New study says deficient roads contribute to most highway fatalities.

Study Cites Deficient Roads as Leading Highway Hazard

More than half of U.S. highway fatalities are related to deficient roadway conditions--a substantially more lethal factor than drunk driving, speeding, or non-use of safety belts--according to a study released Wednesday by the Pacific Institute for Research and Evaluation (PIRE), an independent, non-profit transportation safety research organization. Ten roadway-related crashes occur every minute (5.3 million a year) and also contribute to 38 percent of non-fatal injuries, the report found.

In revealing that deficiencies in the roadway environment contributed to more than 22,000 fatalities and cost the nation more than $217 billion annually, PIRE concluded that making the roadway environment more protective and forgiving is essential to reducing highway fatalities and costs.

"If we put as much focus on improving road safety conditions as we do in urging people not to drink and drive, we'd save thousands of lives and billions of dollars every year," said principal study author Dr. Ted Miller. "Safer drivers and safer cars remain vitally important, but safer roadways are critical to saving lives, preventing injuries, and reducing costs."

Titled "On a Crash Course: The Dangers and Health Costs of Deficient Roadways," the study found the $217 billion cost of deficient roadway conditions dwarfs the costs of other safety factors, including: $130 billion for alcohol, $97 billion for speeding, or $60 billion for failing to wear a safety belt. Indeed, the $217 billion figure is more than three-and-one-half times the amount of money government at all levels is investing annually in roadway capital improvements--$59 billion, according to the Federal Highway Administration.

The report concluded that roadway-related crashes impose $20 billion in medical costs; $46 billion in productivity costs; $52 billion in property damage and other resource costs; and $99 billion in quality of life costs, which measure the value of pain, suffering, and loss of enjoyment of life by those injured or killed in crashes and their families. The report also found that crashes linked to road conditions cost American businesses an estimated $22 billion at a time when many firms are struggling. According to the report, crashes linked to road conditions cost taxpayers more than $12 billion every year.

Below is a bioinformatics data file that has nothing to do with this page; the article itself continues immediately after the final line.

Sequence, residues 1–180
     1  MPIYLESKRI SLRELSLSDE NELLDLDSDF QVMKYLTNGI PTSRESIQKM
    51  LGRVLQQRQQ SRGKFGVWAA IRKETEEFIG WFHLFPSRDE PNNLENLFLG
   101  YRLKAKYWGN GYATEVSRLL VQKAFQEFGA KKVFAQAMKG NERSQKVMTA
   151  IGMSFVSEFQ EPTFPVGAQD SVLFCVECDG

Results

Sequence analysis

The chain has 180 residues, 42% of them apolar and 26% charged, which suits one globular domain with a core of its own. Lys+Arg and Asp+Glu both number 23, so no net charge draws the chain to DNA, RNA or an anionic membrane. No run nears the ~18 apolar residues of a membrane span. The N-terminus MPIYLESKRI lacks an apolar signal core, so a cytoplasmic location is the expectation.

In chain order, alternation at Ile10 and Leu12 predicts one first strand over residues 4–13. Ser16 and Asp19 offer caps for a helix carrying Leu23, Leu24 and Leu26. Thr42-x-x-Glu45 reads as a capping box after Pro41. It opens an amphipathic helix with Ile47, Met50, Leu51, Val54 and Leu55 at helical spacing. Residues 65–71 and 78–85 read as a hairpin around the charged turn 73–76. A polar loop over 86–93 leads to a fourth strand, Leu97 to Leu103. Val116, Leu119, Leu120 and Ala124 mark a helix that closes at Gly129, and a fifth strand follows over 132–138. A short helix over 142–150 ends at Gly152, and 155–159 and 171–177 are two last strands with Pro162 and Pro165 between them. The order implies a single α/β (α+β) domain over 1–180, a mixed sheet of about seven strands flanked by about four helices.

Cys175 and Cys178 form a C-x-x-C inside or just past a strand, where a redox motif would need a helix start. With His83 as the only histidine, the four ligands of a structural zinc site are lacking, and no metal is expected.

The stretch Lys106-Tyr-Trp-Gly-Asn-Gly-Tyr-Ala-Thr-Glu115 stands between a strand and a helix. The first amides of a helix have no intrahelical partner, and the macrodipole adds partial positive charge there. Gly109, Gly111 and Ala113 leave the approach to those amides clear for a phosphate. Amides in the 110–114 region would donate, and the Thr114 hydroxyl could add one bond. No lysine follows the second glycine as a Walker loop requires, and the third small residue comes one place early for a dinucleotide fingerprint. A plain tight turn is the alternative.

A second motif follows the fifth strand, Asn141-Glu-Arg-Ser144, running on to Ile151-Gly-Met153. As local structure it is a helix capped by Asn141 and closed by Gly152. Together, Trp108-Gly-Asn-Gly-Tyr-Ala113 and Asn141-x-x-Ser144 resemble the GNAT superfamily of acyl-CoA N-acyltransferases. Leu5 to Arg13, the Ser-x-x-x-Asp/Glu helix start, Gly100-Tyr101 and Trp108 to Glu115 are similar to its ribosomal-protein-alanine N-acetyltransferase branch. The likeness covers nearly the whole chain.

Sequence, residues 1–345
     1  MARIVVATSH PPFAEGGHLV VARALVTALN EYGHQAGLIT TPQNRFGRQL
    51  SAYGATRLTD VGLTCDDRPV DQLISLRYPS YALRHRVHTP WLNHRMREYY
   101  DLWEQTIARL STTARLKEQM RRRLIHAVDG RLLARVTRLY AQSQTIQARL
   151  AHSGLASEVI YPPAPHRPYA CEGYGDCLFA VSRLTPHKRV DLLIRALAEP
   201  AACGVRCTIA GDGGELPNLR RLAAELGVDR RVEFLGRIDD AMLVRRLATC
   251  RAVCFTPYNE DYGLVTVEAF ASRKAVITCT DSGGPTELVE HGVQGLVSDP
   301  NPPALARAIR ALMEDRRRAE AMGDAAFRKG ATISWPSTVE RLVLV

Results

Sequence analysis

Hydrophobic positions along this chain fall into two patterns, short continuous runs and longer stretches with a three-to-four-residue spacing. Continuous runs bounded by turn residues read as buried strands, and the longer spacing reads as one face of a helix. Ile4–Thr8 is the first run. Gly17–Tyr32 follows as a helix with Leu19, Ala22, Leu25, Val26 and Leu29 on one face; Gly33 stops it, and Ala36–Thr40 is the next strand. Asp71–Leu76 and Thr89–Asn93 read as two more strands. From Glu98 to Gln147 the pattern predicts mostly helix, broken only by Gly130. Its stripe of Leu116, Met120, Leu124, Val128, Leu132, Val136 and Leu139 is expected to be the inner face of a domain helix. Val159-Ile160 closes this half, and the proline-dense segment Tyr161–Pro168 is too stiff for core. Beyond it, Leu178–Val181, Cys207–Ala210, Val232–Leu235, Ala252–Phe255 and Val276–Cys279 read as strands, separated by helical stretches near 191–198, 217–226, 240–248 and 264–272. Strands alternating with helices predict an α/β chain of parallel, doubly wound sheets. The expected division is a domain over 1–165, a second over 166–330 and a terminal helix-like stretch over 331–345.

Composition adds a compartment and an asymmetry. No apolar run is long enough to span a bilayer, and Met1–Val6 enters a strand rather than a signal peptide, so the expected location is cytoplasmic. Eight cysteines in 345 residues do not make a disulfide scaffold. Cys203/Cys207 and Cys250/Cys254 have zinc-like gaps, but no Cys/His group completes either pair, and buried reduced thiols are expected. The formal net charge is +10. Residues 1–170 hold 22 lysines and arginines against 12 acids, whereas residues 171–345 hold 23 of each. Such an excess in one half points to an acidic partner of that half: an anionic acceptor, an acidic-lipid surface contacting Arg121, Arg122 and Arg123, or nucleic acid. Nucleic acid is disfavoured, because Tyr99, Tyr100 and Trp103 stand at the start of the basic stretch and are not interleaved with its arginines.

"Recent concerns about swine flu pale in comparison to the number of crash victims I treat," said Dr. Jared Goldberg, an emergency room physician in Alexandria, Va. "In medical terms, highway fatalities and injuries have reached epidemic proportions, and efforts to prevent further spread of this plague are essential. In the absence of a true vaccine to defend ourselves, fixing dangerous roads would help prevent traffic crashes from occurring in the first place."

"On a Crash Course" identifies ways transportation officials can improve road conditions to save lives and reduce injuries. For example, immediate solutions for problem spots include: replacing non-forgiving poles with breakaway poles, using brighter and more durable pavement markings, adding rumble strips to shoulders, mounting more guardrails or safety barriers, and installing better signs with easier-to-read legends. The report also suggested more significant road improvements, including: adding or widening shoulders, improving roadway alignment, replacing or widening narrow bridges, reducing pavement edges and abrupt drop offs, and clearing more space adjacent to roadways.

"Although behavioral factors are involved in most crashes, avoiding those crashes through driver improvement requires reaching millions of individuals and getting them to sustain best safety practices," Miller said. "It is far more practical to make the roadway environment more forgiving and protective."

The report also analyzed crash costs on a state-by-state basis. The 10 states with the:

  • Highest total cost from crashes involving deficient road conditions are (alphabetically): Alabama, California, Florida, Georgia, Illinois, New York, North Carolina, Pennsylvania, Tennessee, and Texas.
  • Highest road-related crash costs per million vehicle miles of travel are: Alabama, Arkansas, Hawaii, Idaho, Kentucky, Louisiana, Mississippi, South Carolina, Tennessee, and West Virginia.
  • Highest road-related crash costs per mile of road are: California, Connecticut, District of Columbia, Florida, Hawaii, Maryland, Massachusetts, New Jersey, New York, and South Carolina.

PIRE conducted the study on behalf of the Transportation Construction Coalition (TCC), which hosts the full report, complete state-by-state data and other research findings at www.transportationconstructioncoalition.org. TCC members are calling on Congress to provide significant, dedicated funding for roadway safety improvements and to develop programs that encourage states to invest even more. The federal law that governs transportation funding will expire this fall, and congressional committees are now in the process of drafting successor legislation, PIRE noted.

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